Ovarian Cancer

Ovarian Cancer Intercontinental Care

Ovarian Cancer Overview

Ovarian cancer occurs when abnormal cells in the ovaries or fallopian tubes grow and multiply out of control.

Ovaries are part of the female reproductive system. These two round, walnut-sized organs make eggs during your reproductive years.

Ovarian Cancer Symptoms

Ovarian cancer can develop and spread throughout the abdominal organs before it causes any symptoms. This can make early detection difficult. Ovarian cancer symptoms may include:

  • Pelvic or abdominal pain, discomfort or bloating.
  • Changes in your eating habits, getting full early and losing your appetite.
  • Vaginal discharge or abnormal bleeding, especially if the bleeding occurs outside of your typical menstrual cycle or after you’ve gone through menopause.
  • Bowel changes, such as diarrhea or constipation.
  • An increase in the size of your abdomen.
  • Peeing more often (frequent urination).

Ovarian Cancer Causes

The exact cause of ovarian cancer isn’t yet known. But some people have a slightly higher risk of developing the condition. Ovarian cancer risk factors include:

  • Being over the age of 60.
  • Obesity.
  • A family history of ovarian cancer (others in your biological family have had the disease) or have inherited a gene mutation (BRCA1 or BRCA2) or Lynch syndrome.
  • Never being pregnant or having children later in life.
  • Endometriosis.

There’s also an increased risk of developing ovarian cancer as you grow older.

Ovarian Cancer Diagnostics

Despite years of research, experts haven’t yet developed a successful ovarian cancer screening test. For this reason, the condition is often difficult to diagnose in the early stages.

If your healthcare provider suspects ovarian cancer, they’ll ask about your symptoms and perform a pelvic exam. During the exam, they’ll check for any abnormal growths or enlarged organs.

They may recommend additional tests, including:

Imaging tests

Providers may use several imaging tests, including:

  • Pelvic ultrasound.
  • MRI (magnetic resonance imaging).
  • CT scan (computed tomography).
  • PET scan (positron emission tomography).

Blood tests

Blood tests look for a substance called CA-125. High levels of CA-125 in your blood can be a sign of cancer. However, CA-125 levels can be normal, even when cancer is present, and higher in many conditions that aren’t cancer. Because of this, providers use blood tests in combination with other tests to diagnose ovarian cancer.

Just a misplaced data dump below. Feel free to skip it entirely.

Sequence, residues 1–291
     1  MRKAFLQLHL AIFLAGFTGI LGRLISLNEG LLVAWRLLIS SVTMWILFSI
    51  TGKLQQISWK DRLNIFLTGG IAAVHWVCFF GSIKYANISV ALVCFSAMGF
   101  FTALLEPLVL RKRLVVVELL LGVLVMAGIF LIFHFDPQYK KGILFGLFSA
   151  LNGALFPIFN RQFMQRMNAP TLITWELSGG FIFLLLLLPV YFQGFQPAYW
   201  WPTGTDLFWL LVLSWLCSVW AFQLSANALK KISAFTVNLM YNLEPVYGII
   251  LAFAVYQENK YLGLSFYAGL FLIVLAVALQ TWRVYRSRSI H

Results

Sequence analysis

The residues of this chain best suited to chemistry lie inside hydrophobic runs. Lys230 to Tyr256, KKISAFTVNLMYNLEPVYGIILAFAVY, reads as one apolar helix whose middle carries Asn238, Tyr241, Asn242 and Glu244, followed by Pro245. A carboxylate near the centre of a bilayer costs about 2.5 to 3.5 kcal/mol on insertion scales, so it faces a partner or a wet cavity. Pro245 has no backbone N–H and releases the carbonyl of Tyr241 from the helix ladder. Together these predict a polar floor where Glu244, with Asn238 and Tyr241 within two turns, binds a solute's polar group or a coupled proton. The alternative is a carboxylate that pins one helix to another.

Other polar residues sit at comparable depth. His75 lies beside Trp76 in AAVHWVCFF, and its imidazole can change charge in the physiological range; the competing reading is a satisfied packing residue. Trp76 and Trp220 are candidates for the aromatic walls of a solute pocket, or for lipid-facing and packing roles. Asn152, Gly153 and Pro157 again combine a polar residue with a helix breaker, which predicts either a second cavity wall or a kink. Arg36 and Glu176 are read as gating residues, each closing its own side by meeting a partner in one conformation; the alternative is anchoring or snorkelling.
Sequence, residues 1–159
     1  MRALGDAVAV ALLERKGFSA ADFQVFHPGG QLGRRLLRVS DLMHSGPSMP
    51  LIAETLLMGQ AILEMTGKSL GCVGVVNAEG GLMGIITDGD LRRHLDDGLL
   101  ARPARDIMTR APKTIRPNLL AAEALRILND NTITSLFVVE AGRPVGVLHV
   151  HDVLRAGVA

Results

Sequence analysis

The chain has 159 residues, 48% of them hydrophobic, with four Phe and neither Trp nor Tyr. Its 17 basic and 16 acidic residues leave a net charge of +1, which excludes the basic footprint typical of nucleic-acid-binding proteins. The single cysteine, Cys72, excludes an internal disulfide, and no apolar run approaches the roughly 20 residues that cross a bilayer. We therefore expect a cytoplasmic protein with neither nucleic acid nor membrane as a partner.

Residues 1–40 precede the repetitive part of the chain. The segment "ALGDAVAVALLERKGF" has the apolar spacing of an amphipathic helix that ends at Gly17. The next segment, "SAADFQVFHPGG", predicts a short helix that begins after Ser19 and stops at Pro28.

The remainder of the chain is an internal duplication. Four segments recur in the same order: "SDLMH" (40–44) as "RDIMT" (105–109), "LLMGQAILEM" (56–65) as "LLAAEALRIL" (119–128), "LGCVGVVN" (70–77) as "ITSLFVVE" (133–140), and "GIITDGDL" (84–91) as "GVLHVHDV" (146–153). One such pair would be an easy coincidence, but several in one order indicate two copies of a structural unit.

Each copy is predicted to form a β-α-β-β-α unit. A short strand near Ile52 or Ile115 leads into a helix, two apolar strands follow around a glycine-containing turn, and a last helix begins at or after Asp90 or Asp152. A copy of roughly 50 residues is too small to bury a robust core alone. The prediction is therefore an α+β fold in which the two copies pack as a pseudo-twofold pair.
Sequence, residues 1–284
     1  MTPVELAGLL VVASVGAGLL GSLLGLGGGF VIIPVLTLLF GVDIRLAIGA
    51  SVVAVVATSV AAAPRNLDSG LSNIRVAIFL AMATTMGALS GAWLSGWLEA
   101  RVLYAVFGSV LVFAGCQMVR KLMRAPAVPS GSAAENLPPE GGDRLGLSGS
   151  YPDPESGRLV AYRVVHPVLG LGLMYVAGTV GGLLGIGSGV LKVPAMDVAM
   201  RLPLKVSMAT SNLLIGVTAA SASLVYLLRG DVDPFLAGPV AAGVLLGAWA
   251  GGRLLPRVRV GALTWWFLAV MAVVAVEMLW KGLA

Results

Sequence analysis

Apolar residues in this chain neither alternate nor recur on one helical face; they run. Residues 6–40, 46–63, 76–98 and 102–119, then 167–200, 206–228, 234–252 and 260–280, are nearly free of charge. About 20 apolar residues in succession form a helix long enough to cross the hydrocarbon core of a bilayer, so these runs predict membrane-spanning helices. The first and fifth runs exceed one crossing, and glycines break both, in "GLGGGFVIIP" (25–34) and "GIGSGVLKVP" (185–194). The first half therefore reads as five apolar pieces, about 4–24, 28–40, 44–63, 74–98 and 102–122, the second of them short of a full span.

Surgical evaluation

Providers can diagnose ovarian cancer during surgery. Typically, if they find abnormal growths, they’ll remove them during the same procedure.


During laparoscopic surgery, a surgeon places a thin camera (laparoscope) through a small cut (incision) made in your abdomen. Using the scope as a guide, along with additional ports to hold instruments, the surgeon can assess the cancer, perform staging biopsies and, in some circumstances, remove ovarian tumors.

Ovarian Cancer Treatment

The goal in treating cancer is to remove as much, if not all, cancer from your body as possible. Common ovarian cancer treatments include:

  • Surgery. This typically involves the removal of your reproductive organs and any organ that has cancer on it. Your surgeon may use laparoscopy (a minimally invasive surgery) or laparotomy (open surgery that requires an abdominal incision).
  • Chemotherapy. Your provider may recommend chemotherapy either before or after surgery. Chemotherapy are drugs designed to target and kill cancerous cells. Your provider may give you chemotherapy intravenously (through a vein) or orally (in pill form).
  • Targeted therapy. This cancer treatment uses drugs to identify and attack cancer cells. Targeted therapy changes the way cancer cells grow and divide.
  • Hormone therapy. Some ovarian cancers use hormones to grow. This type of therapy blocks hormones, slowing or stopping the growth of cancer.
  • Radiation therapy. Providers rarely use radiation therapy for treatment of ovarian cancer.